The Bands of Mourning

March 25, 2016 at 6:00 pm (Reads) (, , )

mourningThe Bands of Mourning by Brandon Sanderson


As much as I like Sanderson’s writing, he’s terrible at naming his Mistborn books. I can’t figure out if he’s being willfully obtuse by coming up with these titles, or if he started down that path with The Well of Ascension and now feels like he’s stuck with it. Either way, the titles of these books are hardly evocative, and only make sense once you’ve read the books.

In this case, the Bands of Mourning are the bracers that the Lord Ruler wore way back in the first book, which enabled him to access all the metallurgical powers. The chief antagonist identified in the previous book, Mr. Suit, is on a quest to retrieve the legendary bracers in an attempt to help him create Allomancers and Feruchemists from scratch, regardless of their lineage. That kind of power would make him the next Lord Ruler, and as has been told in the series already, this is a Very Bad Idea™.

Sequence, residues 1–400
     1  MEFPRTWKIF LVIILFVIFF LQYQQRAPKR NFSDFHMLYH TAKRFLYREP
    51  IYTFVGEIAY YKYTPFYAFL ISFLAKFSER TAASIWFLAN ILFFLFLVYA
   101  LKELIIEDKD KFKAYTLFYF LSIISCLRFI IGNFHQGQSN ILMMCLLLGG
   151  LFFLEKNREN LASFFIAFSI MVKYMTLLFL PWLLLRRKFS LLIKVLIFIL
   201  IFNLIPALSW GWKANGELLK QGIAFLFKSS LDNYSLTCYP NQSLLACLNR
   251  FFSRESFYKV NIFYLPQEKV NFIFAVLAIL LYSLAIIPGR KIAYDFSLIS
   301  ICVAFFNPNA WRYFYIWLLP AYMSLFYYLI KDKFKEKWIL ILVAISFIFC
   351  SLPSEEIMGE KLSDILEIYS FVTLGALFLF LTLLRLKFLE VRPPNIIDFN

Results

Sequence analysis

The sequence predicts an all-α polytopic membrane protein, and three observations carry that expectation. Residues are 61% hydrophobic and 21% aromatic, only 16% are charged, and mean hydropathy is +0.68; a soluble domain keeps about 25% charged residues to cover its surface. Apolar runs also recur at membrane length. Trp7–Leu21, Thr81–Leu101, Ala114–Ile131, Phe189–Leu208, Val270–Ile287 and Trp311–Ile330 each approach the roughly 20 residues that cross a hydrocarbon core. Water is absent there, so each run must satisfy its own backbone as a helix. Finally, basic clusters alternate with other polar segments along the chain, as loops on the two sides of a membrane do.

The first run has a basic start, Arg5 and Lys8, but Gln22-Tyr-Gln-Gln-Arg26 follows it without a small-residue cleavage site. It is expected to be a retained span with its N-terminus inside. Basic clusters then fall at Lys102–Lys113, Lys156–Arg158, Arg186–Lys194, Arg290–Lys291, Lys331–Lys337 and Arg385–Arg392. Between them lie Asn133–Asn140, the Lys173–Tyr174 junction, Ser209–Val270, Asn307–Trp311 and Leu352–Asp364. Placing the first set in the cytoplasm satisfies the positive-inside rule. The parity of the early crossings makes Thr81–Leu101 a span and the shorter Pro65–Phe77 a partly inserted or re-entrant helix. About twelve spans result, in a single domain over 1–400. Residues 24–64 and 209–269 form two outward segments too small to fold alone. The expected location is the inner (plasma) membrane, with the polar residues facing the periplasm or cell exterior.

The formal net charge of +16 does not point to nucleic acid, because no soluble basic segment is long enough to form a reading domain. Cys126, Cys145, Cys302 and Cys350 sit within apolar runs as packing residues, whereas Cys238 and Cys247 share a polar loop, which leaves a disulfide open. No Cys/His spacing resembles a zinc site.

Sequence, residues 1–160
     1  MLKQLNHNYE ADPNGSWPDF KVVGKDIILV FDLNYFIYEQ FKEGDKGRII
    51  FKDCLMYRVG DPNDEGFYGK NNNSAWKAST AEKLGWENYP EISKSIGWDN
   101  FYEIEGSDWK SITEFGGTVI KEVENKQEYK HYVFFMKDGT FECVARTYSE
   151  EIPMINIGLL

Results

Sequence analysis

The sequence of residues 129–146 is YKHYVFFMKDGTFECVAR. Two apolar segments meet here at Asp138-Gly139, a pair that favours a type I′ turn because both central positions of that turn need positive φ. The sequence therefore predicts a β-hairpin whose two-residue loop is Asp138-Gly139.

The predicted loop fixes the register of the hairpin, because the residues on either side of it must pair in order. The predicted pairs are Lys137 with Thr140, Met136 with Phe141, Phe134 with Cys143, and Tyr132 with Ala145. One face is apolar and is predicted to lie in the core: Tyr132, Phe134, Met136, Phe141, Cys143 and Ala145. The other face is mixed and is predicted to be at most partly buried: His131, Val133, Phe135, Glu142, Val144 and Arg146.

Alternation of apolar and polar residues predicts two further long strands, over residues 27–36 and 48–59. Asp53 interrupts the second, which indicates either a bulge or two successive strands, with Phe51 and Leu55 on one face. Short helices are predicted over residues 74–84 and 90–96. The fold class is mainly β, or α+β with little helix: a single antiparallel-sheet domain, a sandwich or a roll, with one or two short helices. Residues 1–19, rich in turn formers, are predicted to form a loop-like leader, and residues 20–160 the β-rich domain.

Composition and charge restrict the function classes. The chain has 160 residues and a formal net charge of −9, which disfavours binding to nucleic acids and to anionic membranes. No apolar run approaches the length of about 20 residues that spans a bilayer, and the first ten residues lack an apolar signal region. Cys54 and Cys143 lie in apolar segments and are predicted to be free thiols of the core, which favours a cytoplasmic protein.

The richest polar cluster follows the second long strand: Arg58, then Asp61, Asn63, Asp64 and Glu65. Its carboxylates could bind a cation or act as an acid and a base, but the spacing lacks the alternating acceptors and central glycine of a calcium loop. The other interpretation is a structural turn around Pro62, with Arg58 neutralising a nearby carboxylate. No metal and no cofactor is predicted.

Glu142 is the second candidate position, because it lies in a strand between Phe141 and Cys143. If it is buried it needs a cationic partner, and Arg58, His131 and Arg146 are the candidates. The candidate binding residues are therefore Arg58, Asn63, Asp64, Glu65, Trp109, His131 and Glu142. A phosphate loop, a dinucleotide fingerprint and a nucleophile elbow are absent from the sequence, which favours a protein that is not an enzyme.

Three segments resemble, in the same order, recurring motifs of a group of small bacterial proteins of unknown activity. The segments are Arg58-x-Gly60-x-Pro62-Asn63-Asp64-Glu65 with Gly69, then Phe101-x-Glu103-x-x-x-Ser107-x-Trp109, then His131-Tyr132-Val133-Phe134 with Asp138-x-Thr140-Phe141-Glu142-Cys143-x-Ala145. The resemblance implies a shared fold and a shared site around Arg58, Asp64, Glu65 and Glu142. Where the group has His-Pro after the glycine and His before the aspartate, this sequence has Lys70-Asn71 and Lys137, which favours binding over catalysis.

Like the previous books, though, Sanderson isn’t content with telling a traditional high-fantasy novel. This was the case with the first three books in the series, though with the last two, he’s shied away from the epic scale of the original novels, preferring to tell adventure tales instead. I can’t complain — I actually like the adventures better than the epic stuff — but with The Bands of Mourning, he starts to return to the epic storytelling that began with The Final Empire. He doesn’t shy away from mixing it up into an adventure story, so he’s written a book that can appeal to both crowds here. Anyway, The Bands of Mourning could have been a very standard fantasy novel, save for how Sanderson chose to conclude it. I won’t give anything away (give me some credit here), but readers who have stuck with the series this far shouldn’t be disappointed.

Myself, I would have preferred it if the story had been a bit more The Alloy of Law and less The Hero of Ages, but it still entertained. It reminds me again of how genre fiction used to be more about the ideas than the execution, but has since evolved into good stories with intriguing ideas behind them. Nevertheless, I’m eager to see what Sanderson has planned for the end of this second part of his Mistborn series.


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